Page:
In other words, there is no simple correlation between suffering and sin. Everyone is in the same boat; we all sin and fall short of God’s glory. We all need to repent, not just the ones who suffer.
Deuteronomy has been challenged by the best; however, its hold on our mentality persists. It hasn’t gone away, because life is difficult, and hard to understand. As Rabbi Kushner has famously said, “People like to think that there’s someone driving the bus.” When we consider the complexity of existence, we wince. For many it is far easier to trade one’s integrity for a modicum of certainty than to stare doubt in the face.
On November 1, 1755 – All Saints’ Day – a massive earthquake struck Lisbon, Portugal, causing over 60,000 deaths. Because it was a major feast day of the Church calendar, most of the citizens of Lisbon were dutifully attending mass when the quake hit the city. Thousands of the deaths occurred when the church structures collapsed, crushing the faithful as they prayed.
This awful incident became an infamous theological test case for the suitability of Deuteronomic thinking. Were Lisbon’s victims annihilated for their corporate sins? Was the Church guilty of some great transgression, causing God to shatter the institution as a warning to all who would dare to flaunt the Law? Despite what you might reply to those questions, we can be assured that there were, and still are, people who blamed the victims, saying that the punishment of God was just. This, they said, was not a geological accident; it happened for a reason – namely, it was a planned execution, a holocaust for the sake of divine justice.
That may strike us as unscientific, unenlightened thinking, if not pure nonsense. However, it is not without parallel in today’s world. Forty-eight hours after the 9/11 terrorist attacks, a pair of famous televangelists felt the need for crystal clarity, even as the dust and smoke from the World Trade Center, the Pentagon, and the field in Pennsylvania were still aloft. A pastor of a mega church in Piedmont Virginia was being interviewed by the founder of a Tidewater-based Christian cable channel. Transcripts and tapes record the remarks of the two men, verifying a blog summary of the interview, which said:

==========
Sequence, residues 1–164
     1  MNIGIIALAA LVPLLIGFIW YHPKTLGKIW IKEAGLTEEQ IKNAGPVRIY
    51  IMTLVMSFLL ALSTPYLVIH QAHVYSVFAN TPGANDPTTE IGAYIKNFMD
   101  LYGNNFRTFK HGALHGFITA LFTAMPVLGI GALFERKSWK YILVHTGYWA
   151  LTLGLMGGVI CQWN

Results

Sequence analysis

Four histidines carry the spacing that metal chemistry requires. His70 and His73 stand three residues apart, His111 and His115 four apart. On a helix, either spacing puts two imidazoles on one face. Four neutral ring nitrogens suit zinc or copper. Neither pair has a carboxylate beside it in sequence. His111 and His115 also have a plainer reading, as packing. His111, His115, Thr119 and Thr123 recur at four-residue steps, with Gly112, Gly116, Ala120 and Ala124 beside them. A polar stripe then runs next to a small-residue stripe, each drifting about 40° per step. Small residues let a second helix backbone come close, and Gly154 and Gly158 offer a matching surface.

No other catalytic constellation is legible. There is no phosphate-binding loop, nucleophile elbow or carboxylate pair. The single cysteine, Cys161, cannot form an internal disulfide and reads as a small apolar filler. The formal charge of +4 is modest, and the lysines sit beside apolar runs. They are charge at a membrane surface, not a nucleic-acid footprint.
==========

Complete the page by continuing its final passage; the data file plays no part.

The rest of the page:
Both men spoke harshly of the terrorists and clearly blamed them for the attacks.
During a discussion about whether this crisis might bring revival to America, [the pastor] said God may have allowed what the nation deserved because of moral decay and said Americans should have an attitude of repentance before God and asking for God’s protection. He specifically listed the ACLU, abortionists, feminists, gays, and the People for the American way as sharing in the blame. [The interviewer] responded with agreement.
Reaction to this post-9/11 interview was strong and swift. The cable channel founder issued a statement on his website repudiating the position that the pastor had taken against particular groups. Meanwhile the pastor released an apology for his observations, indicating that after further consideration, he believed that the terrorists alone were responsible for the tragedy.
However, despite the attempts to disarm these explosive comments, their content went viral on the Internet. Malicious rumors abounded, and frightened people searched for scapegoats to explain the crisis and the reason why thousands of innocent victims died. In the interview, the pastor had said that, “what we saw on Tuesday, as terrible as it is, could be miniscule if, in fact, if in fact God continues to lift the curtain and allow the enemies of America to give us probably what we deserve.” His presumption is that “the curtain” of God’s protection of this nation is a conditional defense, based on obedience to biblical Law as the evangelist saw it. And because certain groups seemed to him to fly in the face of the Law, the innocent were permitted to suffer for the sin of the nation – the ‘sin’ of allowing such groups to exist.